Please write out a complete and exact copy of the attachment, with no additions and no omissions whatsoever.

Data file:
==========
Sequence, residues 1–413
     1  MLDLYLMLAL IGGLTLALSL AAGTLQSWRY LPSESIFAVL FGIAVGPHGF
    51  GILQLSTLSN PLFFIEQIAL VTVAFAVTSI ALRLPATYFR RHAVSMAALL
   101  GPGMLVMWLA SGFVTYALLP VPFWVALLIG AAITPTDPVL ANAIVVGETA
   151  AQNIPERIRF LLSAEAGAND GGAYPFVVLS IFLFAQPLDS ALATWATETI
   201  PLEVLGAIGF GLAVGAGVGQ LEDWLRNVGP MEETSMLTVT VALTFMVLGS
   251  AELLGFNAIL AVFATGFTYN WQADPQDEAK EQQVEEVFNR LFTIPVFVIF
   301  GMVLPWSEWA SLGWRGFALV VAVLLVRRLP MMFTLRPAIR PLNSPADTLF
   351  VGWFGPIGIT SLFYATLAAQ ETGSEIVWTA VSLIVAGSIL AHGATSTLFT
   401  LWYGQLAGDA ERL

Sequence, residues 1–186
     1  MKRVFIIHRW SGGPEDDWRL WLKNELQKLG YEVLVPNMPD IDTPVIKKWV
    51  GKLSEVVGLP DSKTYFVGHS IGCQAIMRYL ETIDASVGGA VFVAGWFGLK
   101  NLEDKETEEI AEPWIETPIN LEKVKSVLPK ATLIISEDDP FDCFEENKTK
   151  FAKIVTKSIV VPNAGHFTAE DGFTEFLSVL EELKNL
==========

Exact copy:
Sequence, residues 1–413
     1  MLDLYLMLAL IGGLTLALSL AAGTLQSWRY LPSESIFAVL FGIAVGPHGF
    51  GILQLSTLSN PLFFIEQIAL VTVAFAVTSI ALRLPATYFR RHAVSMAALL
   101  GPGMLVMWLA SGFVTYALLP VPFWVALLIG AAITPTDPVL ANAIVVGETA
   151  AQNIPERIRF LLSAEAGAND GGAYPFVVLS IFLFAQPLDS ALATWATETI
   201  PLEVLGAIGF GLAVGAGVGQ LEDWLRNVGP MEETSMLTVT VALTFMVLGS
   251  AELLGFNAIL AVFATGFTYN WQADPQDEAK EQQVEEVFNR LFTIPVFVIF
   301  GMVLPWSEWA SLGWRGFALV VAVLLVRRLP MMFTLRPAIR PLNSPADTLF
   351  VGWFGPIGIT SLFYATLAAQ ETGSEIVWTA VSLIVAGSIL AHGATSTLFT
   401  LWYGQLAGDA ERL

Sequence, residues 1–186
     1  MKRVFIIHRW SGGPEDDWRL WLKNELQKLG YEVLVPNMPD IDTPVIKKWV
    51  GKLSEVVGLP DSKTYFVGHS IGCQAIMRYL ETIDASVGGA VFVAGWFGLK
   101  NLEDKETEEI AEPWIETPIN LEKVKSVLPK ATLIISEDDP FDCFEENKTK
   151  FAKIVTKSIV VPNAGHFTAE DGFTEFLSVL EELKNL